1. Heat the olive oil in a large casserole over medium heat and cook the onion until yellow, 10 to 12 minutes, stirring occasionally. Add the rice and cook until coated with oil, about 2 minutes. Add the water and salt and bring to a boil. REduce the heat to low, cover, and cook until the rice has absorbed most of the water, about 20 minutes.

2. Season with pepper, nutmeg, and half the herbs. Place half the spinachon top of the rice and season with the remaining herbs. PLace the remaining spinach into the casserole and cover. Cook until the spinach is slightly wilted, about 15 minutes, and stir to mix together the rice, spinach, and herbs. Cover and continue cooking, checking the casserole frequently, until the water is absorbed, another 30 to 45 minutes. Correct the seasoning, cover with the cheese, allow it to melt, and serve hot.

makes 6 to 8 servings.

spigariello idea from Crystal, gleaned from Michelle's blog "Getting Your Share"

Crystal said...

Hi. I am new to CSA. I found the
Spigariello delicious. I chopped it up, steamed it, then added it an already sauteed garlic and crushed red pepper in olive oil. Then served it over pasta. It was yummy.

in case you still have cabbage in your fridge: 2 recipes submitted by Robert Gupta

Sesame Cabbage

1/2 cup raw sesame seeds
1/4 tsp salt
1 dried red chili

1 head Cabbage, chopped
3/4 cup water
1 tsp salt

1 1/2 tbsp oil (olive, sesame, canola, etc.)
1 dried red chili, cracked
1 pinch fenugreek
1/4 tsp mustard seed
1 tsp cumin seed

Dry roast sesame seeds and dried red chili in a pan over medium heat. Stir often until majority seeds are brown. Remove from heat and cool. Once cool, grind in a food processor or blender with 1/2 tsp of salt. Excess ground sesame can be stored in the refrigerator for further use.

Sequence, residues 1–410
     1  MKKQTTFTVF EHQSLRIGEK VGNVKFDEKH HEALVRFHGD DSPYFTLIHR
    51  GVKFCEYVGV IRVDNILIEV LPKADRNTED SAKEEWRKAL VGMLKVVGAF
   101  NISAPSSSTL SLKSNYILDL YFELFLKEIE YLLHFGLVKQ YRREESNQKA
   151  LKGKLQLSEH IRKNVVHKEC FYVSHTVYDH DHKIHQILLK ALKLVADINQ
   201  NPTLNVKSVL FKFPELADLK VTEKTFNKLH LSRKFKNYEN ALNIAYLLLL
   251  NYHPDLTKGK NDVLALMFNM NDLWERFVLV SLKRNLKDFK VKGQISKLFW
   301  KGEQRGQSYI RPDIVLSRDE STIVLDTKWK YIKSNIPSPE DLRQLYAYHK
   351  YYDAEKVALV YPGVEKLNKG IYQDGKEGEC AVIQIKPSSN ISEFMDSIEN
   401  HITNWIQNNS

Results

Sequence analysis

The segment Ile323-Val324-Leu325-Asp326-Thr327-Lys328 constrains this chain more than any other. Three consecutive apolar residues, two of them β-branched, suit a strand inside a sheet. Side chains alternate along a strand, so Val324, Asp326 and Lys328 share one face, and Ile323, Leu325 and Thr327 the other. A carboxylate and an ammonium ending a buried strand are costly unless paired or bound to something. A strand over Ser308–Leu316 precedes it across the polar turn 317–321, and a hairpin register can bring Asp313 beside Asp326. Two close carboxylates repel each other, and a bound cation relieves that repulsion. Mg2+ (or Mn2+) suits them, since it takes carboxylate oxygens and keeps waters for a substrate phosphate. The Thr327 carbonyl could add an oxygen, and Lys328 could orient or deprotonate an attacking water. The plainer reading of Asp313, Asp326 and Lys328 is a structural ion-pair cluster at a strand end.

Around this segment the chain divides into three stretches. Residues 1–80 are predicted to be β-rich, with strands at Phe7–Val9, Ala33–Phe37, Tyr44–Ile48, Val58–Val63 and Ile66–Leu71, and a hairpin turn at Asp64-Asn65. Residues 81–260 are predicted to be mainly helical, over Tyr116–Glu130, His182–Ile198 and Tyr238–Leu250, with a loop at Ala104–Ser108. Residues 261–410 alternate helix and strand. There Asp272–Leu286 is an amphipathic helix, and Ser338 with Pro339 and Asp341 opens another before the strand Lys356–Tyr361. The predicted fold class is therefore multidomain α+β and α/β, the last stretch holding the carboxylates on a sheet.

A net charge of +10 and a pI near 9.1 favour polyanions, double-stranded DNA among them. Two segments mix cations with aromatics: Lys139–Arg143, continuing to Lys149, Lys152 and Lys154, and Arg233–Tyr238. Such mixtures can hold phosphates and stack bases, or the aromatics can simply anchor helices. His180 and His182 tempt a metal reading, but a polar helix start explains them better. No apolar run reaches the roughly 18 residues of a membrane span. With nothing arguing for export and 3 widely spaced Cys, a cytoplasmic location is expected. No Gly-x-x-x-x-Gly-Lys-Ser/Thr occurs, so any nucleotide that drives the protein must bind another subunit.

To cook cabbage over medium heat, add chopped cabbage to 3/4 cup boiling water + 1 tsp salt. Cook until cabbage is desired texture. Once cooked, drain excess liquid. Add 1/4-1/2 cup ground sesame. Turn off heat.

Prepare the "popu" in a separate pan by combing all ingredients, heating over medium heat, and waiting for mustard seeds to crackle. Once ready, add to cabbage, stir and heat over low heat for 1 minute. The "popu" can be prepared when the cabbage is nearly finished.

Potato Scallion Curry

1 inch ginger, minced
2 cloves garlic, minced
1 medium onion,chopped
1 bunch scallions or spring onions, chopped
4-6 potatoes boiled, chopped (big pieces) optionally remove peel
2 small green chilis
2 tsp curry powder

1 1/2 tbsp oil (olive, sesame, canola, etc.)
1 pinch fenugreek
1/4 tsp mustard seed1 tsp cumin seed

In a large saucepan, prepare the popu. When the seeds crackle, add garlic and stir until aroma emerges. Add scallions,onion and green chilis. Stir until onions soften and become transulcent. Add potatoes and ginger. Stir for 1-2 minutes. Add curry powder, stir for 1-2 minutes. Remove from heat. Can be served as a filling for dosas, with rice, or chappatis.

Radish, Cauliflower, and Beet Recipe Seekers: please refer to the links below, I used my Recipe Energy this week on the oregano-before-tomatoes recipes, they are above and on my oregano webpage too. Thank you.

Recipe Links:





Salad Dressings

Summer Squash



7) Which Farm?

From High Ground: Mystery, Cauliflower, Lettuce, Flowers
From Mariquita: Onions, Radishes, Oregano, Beets, Spinach, Collards, Spigariello

8) Unsubscribe/Subscribe From/To This Newsletter

BLOG ADVANTAGES: I can change mistakes after I post them. I don’t have to subscribe/unsubscribe folks. Old newsletters easily accessed. Links! (I send this newsletter out as plain text so more folks with differently-abled computer systems can easily read it.) You can sign up for email updates to the Two Small Farms Blog on the main blog page

9) Two Small Farms Contact Information

Two Small Farms
Mariquita Farm/High Ground Organics
Organically Grown Vegetables
P.O. Box 2065
Watsonville, CA 95077

1 comment: